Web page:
This is the third season of full excavation at the QAR sites. With the conclusion of the 2008 field dive, about 50 percent of the shipwreck's footprint will be completed.
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« Reply #48 on: December 08, 2008, 04:58:40 pm »










                                       Cannon recovered from presumed Blackbeard ship






Associated Press
Published: Thursday,
October 30, 2008 at 8:30 p.m.
Last Modified: Thursday, October 30, 2008

ATLANTIC BEACH, N.C. – Researchers have recovered one of the big cannons from the wreck of
the vessel presumed to be Blackbeard’s flagship, the Queen Anne’s Revenge.

 



Cindy Burnham,
Lucky Shot Productions

Raising a cannon Thursday from the presumed ship of Blackbeard are
Capt. Tom Piner, captain,
N.C. Marine Fisheries Shell Point;
Jerry Spencer, crew, Shell Point (hidden);
David Moore, Queen Anne's Revenge archaeologist; and
Wendy Welsh, QAR field conservation supervisor, foreground.

Rough seas delayed the retrieval earlier this week, but the 2,000 pound, eight-foot cannon was
brought to the surface near Beaufort Thursday morning.

It had rested on the floor of the Atlantic Ocean for nearly 300 years.



A news release from the state Department of Cultural Resources said the cannon will spend the next five years
at the Queen Anne’s Revenge Conservation Lab at East Carolina University in Greenville,
being prepared for museum exhibit.

This is the 12th cannon to be recovered from the shipwreck site.

Experts think Blackbeard’s crew abandoned the ship after it ran aground in Beaufort Inlet in 1718.
The wreck was discovered in 1996.
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« Reply #49 on: December 08, 2008, 05:04:50 pm »








                      Shipwreck clues could clear Blackbeard of sinking his ship to swindle his crew


                        He was history's most feared pirate, striking terror into seafarers as he cut


                                a bloodthirsty swath through the Caribbean and North Atlantic.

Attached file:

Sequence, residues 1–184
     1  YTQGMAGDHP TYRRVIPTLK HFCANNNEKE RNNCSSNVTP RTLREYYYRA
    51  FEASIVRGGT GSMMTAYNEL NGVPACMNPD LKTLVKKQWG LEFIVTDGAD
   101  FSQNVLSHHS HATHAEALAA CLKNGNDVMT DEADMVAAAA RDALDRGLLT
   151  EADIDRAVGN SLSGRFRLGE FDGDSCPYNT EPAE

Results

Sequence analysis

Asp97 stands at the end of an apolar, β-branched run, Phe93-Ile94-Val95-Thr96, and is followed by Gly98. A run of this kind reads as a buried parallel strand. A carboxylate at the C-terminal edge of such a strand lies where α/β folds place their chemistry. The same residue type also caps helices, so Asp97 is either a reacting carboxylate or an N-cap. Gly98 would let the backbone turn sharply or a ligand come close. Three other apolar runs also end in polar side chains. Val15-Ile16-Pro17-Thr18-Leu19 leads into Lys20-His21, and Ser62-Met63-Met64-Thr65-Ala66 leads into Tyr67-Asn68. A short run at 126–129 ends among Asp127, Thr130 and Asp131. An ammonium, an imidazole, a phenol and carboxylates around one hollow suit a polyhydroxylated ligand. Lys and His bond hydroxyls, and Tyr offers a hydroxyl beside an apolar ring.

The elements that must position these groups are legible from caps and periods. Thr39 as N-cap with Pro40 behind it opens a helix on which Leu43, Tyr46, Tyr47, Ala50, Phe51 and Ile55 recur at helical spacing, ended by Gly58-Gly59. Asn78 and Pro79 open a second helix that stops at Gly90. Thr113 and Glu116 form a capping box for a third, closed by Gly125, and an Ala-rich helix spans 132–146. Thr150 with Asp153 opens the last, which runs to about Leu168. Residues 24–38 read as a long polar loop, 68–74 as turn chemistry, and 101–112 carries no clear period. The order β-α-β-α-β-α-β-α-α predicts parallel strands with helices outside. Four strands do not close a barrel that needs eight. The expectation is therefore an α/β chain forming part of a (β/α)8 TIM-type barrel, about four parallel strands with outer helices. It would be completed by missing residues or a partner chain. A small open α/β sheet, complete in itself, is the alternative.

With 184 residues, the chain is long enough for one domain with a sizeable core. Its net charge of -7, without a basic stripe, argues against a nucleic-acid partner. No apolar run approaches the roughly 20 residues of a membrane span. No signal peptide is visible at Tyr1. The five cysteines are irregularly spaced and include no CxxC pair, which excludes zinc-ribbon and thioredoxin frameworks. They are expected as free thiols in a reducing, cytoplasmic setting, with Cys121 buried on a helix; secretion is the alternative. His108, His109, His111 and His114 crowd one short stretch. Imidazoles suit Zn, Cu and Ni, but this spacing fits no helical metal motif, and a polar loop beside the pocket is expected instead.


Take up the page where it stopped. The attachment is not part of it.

By Jasper Copping
Last Updated: 06 Dec 2008
Telegraph.co.uk




Blackbear may be innocent of some of the charges against him

Photo:
HULTON ARCHIVE


But new research has found that Blackbeard may be innocent of one of the most notorious charges against him.

For almost 300 years, the British pirate captain has stood accused of deliberately sinking his flagship, Queen Anne's Revenge, so he could swindle his crew out of their share of loot they had plundered.

But marine archaeologists, who are conducting a diving expedition on the vessel's presumed wreck, now believe it may have run aground by accident. They have even found evidence suggesting that Blackbeard made repeated attempts to rescue the stricken craft.

They have discovered a large pile of ballast, including anchors and several cannon, in the middle section of the ship. They believe Blackbeard ordered the crew to move the heavy items from their original positions, near the bow of the vessel, back towards the stern in an effort to lift the vessel's bows from the submerged sandbank onto which it had run.

It follows the discovery of an anchor on the sea bed, 450ft (137m) away from the ship, which experts believe would have been used to try to winch the boat free.

Chris Southerly, chief archaeologist for the project, said: "If Blackbeard had intended to sink the ship on purpose, this seems an awful lot of labour and effort to make it look good to the crew, to allay their fears that he was abandoning them.

"The main ballast pile, which has two large anchors and at least six cannon and a huge pile of ballast stones, is just about amidships, roughly where the upper aft deck would have started.

"It would have been very hard to move things further aft than that, because the deck is on a different level and there is a wall in the way. They may have moved things as far aft as could easily be done, to try to save the ship and then abandoned the effort, realising it still wouldn't save the ship. The impression, from what I have seen, is that it was an accident."

The ship ran aground on a sandbank about a mile from shore on June 10 1718, as Blackbeard's flotilla of four vessels was heading for Beaufort Inlet, in the British colony of North Carolina.

Days earlier, Blackbeard had blockaded the major port of Charleston, South Carolina, and knew that the Royal Navy would be closing the net around him. Historians have long believed that he deliberately grounded his largest vessel so that he could split up his followers in the ensuing chaos, thus "downsizing" his crew and ensuring the loot was transferred to another vessel.

In the event, that is precisely what he did, escaping with the treasure and stranding 30 men on a nearby island.

But Mr Southerly added: "I think he probably just made the most of a bad situation."